Hoffman mailed a letter of his own to "every major law firm" in the city, hoping one would be interested in teaming up on the case. He eventually got a response from Cravath, Swaine & Moore, one of the world's most prestigious firms. A partner in Cravath's litigation department enlisted a team of lawyers to help.

Shortly after, Bellamy's new defense team began the investigation. Their initial goal was to compile enough evidence to warrant a 440 hearing - the process through which a verdict is vacated after a case has gone through appeal.

In October 2006, after two years of investigation, the defense felt it had a winning case.

Their evidence spoke both to flaws with the original trial, and the possibility that Bellamy was, in fact, wrongfully convicted.

Bellamy's case was a morass of "police misconduct, an overzealous prosecutor, a tainted lineup" and "ineffective assistance of trial counsel," Hoffman and Cravath wrote in a memo to the court. In addition, "newly discovered evidence" revealed just how unreliable the case's two star witnesses were.

After getting their hands on the district attorney's file on Linda Sanchez, the defense had learned that, following the trial, she was paid significant compensation from their office: $2,000 to relocate and $250 every two weeks for a year. She claimed the money was for witness protection, yet she moved just a mile and a half from where Abbott was killed. These "rewards" called Sanchez's motives into question, they said. And until then, they had not been disclosed.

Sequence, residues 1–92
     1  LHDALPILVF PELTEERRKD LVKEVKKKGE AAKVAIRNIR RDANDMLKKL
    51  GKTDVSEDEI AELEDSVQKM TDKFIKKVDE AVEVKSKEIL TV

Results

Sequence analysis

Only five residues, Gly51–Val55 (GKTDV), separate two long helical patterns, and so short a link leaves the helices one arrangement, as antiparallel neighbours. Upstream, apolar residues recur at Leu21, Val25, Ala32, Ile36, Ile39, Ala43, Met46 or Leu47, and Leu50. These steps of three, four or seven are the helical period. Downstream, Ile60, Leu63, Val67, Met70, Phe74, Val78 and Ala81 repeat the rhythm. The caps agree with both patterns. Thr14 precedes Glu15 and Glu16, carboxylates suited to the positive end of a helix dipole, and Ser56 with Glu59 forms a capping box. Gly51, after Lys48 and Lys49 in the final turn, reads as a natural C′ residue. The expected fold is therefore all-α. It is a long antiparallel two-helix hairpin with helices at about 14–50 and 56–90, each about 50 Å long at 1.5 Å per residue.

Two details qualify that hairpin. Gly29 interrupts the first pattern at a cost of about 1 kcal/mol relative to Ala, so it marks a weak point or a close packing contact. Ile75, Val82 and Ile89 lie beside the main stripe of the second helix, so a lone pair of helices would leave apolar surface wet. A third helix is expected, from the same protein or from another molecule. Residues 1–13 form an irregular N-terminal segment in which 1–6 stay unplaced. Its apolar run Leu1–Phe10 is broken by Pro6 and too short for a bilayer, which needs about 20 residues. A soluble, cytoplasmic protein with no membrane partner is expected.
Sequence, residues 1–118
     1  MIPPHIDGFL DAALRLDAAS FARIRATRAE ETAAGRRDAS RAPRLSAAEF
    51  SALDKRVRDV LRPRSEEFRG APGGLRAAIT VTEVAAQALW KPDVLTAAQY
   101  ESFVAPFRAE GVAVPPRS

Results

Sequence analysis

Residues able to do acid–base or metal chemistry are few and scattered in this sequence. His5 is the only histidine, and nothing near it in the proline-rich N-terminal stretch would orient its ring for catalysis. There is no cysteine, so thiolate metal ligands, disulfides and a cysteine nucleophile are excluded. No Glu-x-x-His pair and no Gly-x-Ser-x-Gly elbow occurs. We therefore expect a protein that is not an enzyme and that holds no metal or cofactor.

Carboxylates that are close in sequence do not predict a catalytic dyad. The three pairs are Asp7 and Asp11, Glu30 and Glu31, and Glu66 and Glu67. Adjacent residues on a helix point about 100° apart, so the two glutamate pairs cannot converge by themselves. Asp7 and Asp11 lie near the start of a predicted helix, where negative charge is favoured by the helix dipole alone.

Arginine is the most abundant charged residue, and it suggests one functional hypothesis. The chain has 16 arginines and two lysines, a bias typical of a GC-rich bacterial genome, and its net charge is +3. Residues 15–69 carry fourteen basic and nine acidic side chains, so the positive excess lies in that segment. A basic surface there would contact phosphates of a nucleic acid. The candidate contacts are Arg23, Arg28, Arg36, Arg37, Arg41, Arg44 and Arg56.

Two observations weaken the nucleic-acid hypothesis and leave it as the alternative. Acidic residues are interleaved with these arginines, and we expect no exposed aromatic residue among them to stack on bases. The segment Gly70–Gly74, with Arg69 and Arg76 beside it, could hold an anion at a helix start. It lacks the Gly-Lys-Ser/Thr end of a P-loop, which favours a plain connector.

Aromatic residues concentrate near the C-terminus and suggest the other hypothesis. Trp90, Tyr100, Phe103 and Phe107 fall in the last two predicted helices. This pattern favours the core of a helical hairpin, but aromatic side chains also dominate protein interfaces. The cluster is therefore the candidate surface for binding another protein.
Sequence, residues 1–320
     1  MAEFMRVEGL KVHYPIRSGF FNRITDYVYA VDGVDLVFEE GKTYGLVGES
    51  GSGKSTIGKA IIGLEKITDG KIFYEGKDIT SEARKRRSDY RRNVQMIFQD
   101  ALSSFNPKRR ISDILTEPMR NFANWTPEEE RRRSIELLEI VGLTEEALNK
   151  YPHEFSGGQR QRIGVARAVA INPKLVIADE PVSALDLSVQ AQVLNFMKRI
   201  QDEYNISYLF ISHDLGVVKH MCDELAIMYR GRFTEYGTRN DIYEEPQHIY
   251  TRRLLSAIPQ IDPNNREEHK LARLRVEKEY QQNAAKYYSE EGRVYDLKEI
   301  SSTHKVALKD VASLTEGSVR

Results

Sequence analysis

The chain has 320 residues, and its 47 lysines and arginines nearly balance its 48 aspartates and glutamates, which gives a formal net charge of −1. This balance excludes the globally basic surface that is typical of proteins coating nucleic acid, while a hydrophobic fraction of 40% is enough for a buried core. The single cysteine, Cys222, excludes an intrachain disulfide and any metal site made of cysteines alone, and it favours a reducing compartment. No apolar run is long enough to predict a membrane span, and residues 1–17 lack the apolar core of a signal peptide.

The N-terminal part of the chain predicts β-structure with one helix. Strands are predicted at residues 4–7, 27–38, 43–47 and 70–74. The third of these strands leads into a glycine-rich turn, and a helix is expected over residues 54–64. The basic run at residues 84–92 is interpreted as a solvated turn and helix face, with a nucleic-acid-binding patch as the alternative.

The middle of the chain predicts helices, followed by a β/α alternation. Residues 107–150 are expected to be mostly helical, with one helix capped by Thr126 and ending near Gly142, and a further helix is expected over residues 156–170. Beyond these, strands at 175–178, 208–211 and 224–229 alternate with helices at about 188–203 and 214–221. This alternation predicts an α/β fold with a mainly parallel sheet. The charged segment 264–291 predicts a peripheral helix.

The defense team had also reached out to Carter. By then, he was living in a nursing home, unemployed for 20 years. Initially, Carter stood by his trial testimony. But he agreed to meet at Cravath's offices for a rate of $90 an hour, "for his time."

In the meeting, Carter changed his story: "I'd like to get something off my shoulders," Hoffman remembers him saying. "I was never sure it was Kareem." He said he felt pressured by detectives to testify against Bellamy.

Finally, in reopening original police files on the case, Hoffman and Cravath discovered that a handful of reports hadn't been disclosed to Reiver. They revealed that two additional witnesses - including Victor Vega, the Rockaway resident who locked eyes with the murderer after driving his son to school - told police that they saw one of the attackers fleeing. The reports were consistent with the information provided by Anna Simmons - the mystery woman who called the precinct shortly after the crime, naming two suspects. All three witnesses reported that the attackers were wearing hoods.

The court was convinced to re-open the case.

But at every turn, the district attorney's office sharply countered the defense's findings, seemingly determined to keep Bellamy locked up. After nearly a year of presenting 440 material to the court, the defense team wasn't making any headway. Short of DNA evidence, Hoffman and Cravath needed solid proof of someone else committing the murder.